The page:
Last month, the SEC’s Office of Compliance Inspections and Examinations (OCIE) issued a Risk Alert regarding examinations that will focus on broker-dealers’ compliance with Regulation Best Interest. The SEC wanted to make clear that the Regulation Best Interest compliance date of June 30, 2020 will not be extended. The OCIE will begin examinations with the program and will continue to add this element as part of exams for one year after the implementation date.
The purpose of the Risk Alert is to help prepare firms with information on potential focus areas of the Reg BI examinations and the types of information and documentation that it will be seeking. The SEC understands that COVID-19 has severely impacted many firms, and that includes the implementation of their Reg BI program. However, the OCIE wants to ensure that firms are making their best efforts to begin putting the pieces together considering our new reality.
What is Regulation Best Interest?
Regulation Best Interest enlarges a broker-dealer’s standard of conduct when the Firm is providing investment recommendations to retail clients. The components of the recommendations relate to the standard of conduct by acting in the best interest of the client at the time the recommendation was made. Additionally, Firms must establish the policies and procedures to ensure compliance with Regulation Best Interest.
Examination Focus Areas
The examinations will focus on the review of the policies and procedures, as well as the operational effectiveness related to 4 distinct areas:
- the duty to disclose;
- the duty of care;
- the duty to avoid or disclose conflict of interest; and
- the duty to adopt compliance procedures.
The SEC will focus on how the Firm is disclosing material facts related to the scope and terms of the relationship. The three areas covered include:
- the capacity in which the recommendation is being made;
- material fees and costs that apply to the retail customer’s transactions, holdings, and accounts; and
- material limitations on the securities or investment strategies involving securities that may be recommended to the retail customer.
The SEC may request the following documents as part of their review of the disclosure obligation element:
- Schedules of fees and charges assessed against retail customers and disclosures regarding such fees and charges
- The broker-dealer’s compensation methods for registered personnel
- Disclosures related to the monitoring of retail customers’ accounts
- Disclosures on material limitations on accounts or services recommended to retail customers
- Lists of proprietary products sold to retail customers
The SEC is focusing here on how the Firm “exercises reasonable diligence, care, and skill when making a recommendation to a retail customer.” disclosing material facts related to the scope and terms of the relationship. This includes understanding the potential risks, rewards, and costs associated with the recommendation. “The broker-dealer must then consider these factors in light of the retail customer’s investment profile and make a recommendation that is in the retail customer’s best interest.”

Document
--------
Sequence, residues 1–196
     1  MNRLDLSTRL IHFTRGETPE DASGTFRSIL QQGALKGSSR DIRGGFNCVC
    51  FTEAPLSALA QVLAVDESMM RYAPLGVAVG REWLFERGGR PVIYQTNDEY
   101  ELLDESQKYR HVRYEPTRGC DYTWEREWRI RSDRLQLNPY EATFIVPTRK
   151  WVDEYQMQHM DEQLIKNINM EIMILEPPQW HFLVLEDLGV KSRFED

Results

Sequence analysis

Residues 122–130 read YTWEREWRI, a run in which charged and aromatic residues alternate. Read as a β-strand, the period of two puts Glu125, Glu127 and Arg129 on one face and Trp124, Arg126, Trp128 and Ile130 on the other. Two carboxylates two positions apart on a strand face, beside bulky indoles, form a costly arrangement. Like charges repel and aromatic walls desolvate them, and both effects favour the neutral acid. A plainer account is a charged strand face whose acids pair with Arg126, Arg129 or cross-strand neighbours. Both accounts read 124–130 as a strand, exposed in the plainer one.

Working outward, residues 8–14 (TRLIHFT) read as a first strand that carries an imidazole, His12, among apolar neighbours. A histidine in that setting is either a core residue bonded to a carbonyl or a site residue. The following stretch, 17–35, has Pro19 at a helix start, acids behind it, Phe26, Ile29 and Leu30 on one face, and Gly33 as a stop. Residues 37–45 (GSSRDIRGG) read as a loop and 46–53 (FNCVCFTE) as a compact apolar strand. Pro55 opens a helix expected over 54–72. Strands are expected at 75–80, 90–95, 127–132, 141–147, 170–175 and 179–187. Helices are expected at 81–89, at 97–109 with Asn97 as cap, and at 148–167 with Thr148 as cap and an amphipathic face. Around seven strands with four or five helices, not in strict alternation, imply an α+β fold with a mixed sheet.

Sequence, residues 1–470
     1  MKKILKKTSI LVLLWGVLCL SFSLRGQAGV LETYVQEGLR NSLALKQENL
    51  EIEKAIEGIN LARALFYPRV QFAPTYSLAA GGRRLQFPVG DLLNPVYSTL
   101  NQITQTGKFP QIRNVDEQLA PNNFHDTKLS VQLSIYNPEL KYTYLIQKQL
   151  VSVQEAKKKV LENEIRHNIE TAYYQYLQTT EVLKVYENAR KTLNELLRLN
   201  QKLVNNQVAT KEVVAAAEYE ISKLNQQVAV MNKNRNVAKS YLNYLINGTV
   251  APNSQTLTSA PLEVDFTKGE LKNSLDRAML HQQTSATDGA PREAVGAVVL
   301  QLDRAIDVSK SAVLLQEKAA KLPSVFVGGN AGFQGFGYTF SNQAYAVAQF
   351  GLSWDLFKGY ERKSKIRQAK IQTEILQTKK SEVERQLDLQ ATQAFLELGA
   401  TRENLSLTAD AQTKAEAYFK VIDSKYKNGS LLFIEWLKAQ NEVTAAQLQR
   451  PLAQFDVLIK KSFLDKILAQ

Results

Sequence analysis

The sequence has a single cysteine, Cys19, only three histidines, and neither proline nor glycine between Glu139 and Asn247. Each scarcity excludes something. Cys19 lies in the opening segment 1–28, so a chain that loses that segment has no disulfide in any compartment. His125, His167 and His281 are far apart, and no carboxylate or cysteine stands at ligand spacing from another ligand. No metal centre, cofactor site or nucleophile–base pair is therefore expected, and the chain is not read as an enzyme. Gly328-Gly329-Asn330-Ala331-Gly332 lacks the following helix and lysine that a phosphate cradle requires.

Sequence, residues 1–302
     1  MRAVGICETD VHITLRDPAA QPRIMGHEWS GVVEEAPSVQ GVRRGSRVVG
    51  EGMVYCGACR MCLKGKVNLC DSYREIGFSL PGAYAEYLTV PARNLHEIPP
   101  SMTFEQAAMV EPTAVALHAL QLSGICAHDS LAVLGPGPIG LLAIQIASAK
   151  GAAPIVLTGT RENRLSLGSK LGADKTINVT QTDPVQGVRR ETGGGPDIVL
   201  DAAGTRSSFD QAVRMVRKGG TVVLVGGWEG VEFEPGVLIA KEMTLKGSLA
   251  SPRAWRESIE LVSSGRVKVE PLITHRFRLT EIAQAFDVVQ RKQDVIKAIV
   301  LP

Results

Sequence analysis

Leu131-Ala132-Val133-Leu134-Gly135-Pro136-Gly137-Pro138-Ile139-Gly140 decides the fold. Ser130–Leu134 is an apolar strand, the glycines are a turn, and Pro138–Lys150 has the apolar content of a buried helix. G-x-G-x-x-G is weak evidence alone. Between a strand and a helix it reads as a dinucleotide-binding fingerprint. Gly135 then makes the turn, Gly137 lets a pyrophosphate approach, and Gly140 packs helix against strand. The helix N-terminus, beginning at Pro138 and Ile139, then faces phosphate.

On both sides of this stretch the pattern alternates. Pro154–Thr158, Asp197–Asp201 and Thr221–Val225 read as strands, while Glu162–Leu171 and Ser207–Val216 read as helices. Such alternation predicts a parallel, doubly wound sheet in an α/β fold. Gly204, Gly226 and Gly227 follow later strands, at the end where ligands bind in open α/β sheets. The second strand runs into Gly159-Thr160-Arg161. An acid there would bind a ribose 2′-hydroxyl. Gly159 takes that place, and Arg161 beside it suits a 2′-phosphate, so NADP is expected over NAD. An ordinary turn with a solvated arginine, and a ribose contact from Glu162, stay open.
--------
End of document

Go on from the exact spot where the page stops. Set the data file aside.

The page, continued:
The SEC may request the following documents as part of their review of the care obligation element:
- Information collected from retail customers to develop their investment profiles
- The broker-dealer’s process for having a reasonable basis to believe that the recommendations are in the best interest of the retail customer, including
- the factors the broker-dealer considers to assess the potential risks, rewards, and costs of the recommendations in light of the retail customer’s investment profile;
- the broker-dealer’s process for having a reasonable basis to believe that it does not place the financial or other interest of the broker-dealer ahead of the interest of the retail customer
- How the broker-dealer makes recommendations related to significant investment decisions, such as rollovers and account recommendations
- How the broker-dealer makes recommendations related to riskier, more complex, or more expensive products
Conflict of Interest Obligation
The SEC is focusing here on how the Firm minimizes, eliminates or, at minimum, discloses conflicts of interest relating to recommendations to clients. To meet that obligation, the broker-dealer must establish and enforce written procedures designed to address such conflicts.
The SEC may review the Firm’s policies and procedures to assess the following as part of their review of the conflicts of interest obligation element:
- Policies and procedures related to:
- conflicts that create an incentive for an associated person to place its interest or the interest of a broker-dealer ahead of the interest of the retail customer,
- conflicts associated with material limitations on the securities or investment strategies involving securities that may be recommended to a retail customer, and
- the elimination of diverse types of conflicts;
- How the policies and procedures establish a structure for identifying the conflicts that the broker-dealer or its associated person may face;
- How the policies and procedures establish a structure to identify and assess conflicts in the broker-dealer’s business as it evolves;
- If and how the policies and procedures provide for disclosure of conflicts and what conflicts are disclosed; and
- How the policies and procedures provide for mitigation or elimination of conflicts and what conflicts are mitigated or eliminated.
The SEC may request certain documents as part of their review of the compliance element. OCIE may review the broker-dealer’s policies and procedures to evaluate any controls, remediation of noncompliance, training, and periodic review and testing.
Our firm has expert compliance professionals who can help you to design an effective Regulation BI compliance program for your business. Please contact us today. For more information related to this topic, check out our blog post on Form CRS.